How Shall I Tell the Dog?
And Other Final Musings
July 2009 Indie Next List
— Selina Moraes, The Book Mark, Atlantic Beach, FL
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In this hilarious and moving book, popular English humorist Miles Kington faces cancer and death with his sparkling trademark wit, musing on everything from board games and yodeling to the prospect of being outlived by his dog.
When some people are told they have only a few months to live, they might travel around the world or write their memoirs or put their affairs in order. When it happened at the age of 66 to Miles Kington-one of England's best-loved humorists-he did what he did best, offering sharp, wry, laugh-out-loud observations and ideas about his situation. Following his diagnosis of pancreatic cancer, Kington proposes crazier and crazier ideas for his next book (what he calls "cashing in on cancer") in a series of letters to his literary agent, Gill.
And what sort of things capture Kington's attention in his waning months? The sudden grimness of those 1,000 Places to See Before You Die books, for example. (What about 100 Things to Do Before You Die, Without Leaving Home?, he suggests. Instead of bungee jumping and whitewater rafting, learn to whistle with two fingers in your mouth, yodel, or steam open envelopes.) The irony that his dog, Berry, will probably outlive him, or the semi-outrageous idea of creating a funeral video:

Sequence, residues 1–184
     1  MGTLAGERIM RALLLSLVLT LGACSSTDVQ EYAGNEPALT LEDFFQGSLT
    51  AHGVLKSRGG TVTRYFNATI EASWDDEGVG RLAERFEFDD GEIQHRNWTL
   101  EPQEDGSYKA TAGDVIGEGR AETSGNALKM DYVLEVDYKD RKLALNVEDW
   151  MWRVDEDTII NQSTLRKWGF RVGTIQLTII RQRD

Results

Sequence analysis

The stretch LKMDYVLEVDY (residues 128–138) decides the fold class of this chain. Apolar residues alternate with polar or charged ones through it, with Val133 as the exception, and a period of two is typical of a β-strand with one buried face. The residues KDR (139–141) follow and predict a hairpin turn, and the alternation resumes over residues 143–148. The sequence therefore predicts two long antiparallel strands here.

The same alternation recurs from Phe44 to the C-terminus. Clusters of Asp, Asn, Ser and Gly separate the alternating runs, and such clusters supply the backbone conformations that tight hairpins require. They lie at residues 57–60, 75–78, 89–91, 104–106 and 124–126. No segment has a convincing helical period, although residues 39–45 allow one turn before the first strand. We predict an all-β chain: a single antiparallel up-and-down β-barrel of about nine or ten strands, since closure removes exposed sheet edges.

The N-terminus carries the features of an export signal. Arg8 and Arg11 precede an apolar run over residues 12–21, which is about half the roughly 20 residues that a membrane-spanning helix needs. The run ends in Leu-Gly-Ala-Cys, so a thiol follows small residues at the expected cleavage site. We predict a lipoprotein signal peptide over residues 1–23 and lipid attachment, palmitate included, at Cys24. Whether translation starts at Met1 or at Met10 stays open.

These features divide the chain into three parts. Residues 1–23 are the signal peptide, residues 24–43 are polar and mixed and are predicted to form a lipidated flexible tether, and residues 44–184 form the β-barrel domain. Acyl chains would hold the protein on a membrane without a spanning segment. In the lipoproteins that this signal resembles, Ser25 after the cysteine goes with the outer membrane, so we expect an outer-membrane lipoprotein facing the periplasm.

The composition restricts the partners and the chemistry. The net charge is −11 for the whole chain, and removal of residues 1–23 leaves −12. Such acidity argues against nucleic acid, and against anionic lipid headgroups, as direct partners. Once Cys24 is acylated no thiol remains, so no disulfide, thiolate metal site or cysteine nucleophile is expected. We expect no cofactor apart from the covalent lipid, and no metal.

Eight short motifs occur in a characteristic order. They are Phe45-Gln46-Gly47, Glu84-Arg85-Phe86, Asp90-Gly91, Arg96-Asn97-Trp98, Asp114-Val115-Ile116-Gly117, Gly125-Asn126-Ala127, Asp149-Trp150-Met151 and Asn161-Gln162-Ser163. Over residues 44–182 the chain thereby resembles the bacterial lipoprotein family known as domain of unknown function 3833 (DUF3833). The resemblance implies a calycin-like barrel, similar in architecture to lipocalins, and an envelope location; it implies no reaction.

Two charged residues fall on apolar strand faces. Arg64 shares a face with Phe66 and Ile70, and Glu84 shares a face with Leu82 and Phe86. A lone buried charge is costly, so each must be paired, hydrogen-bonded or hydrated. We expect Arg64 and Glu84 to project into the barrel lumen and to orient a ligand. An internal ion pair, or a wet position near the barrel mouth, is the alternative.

The answer is quite simple.
Make a video in advance of my farewell speech, to be shown on a monitor, from the pulpit, or on a screen behind the stage, or wherever the best place would be.
I have already visualised the opening shot.
It is of me, smiling ruefully, and saying to camera: "Hello. I'm sorry I couldn't be here in person with you today."
Mischievous and utterly original, Miles Kington's words in the face of death are memorable and surprisingly uplifting.
William Morrow, 9781557048417, 256pp.
Publication Date: June 16, 2009
About the Author
Miles Kington was literary editor of Punch and a writer for the London Times. He also wrote a regular column for The Independent, from its earliest days until the week he died. The author of several bestsellers in the UK, he died of cancer in January 2008.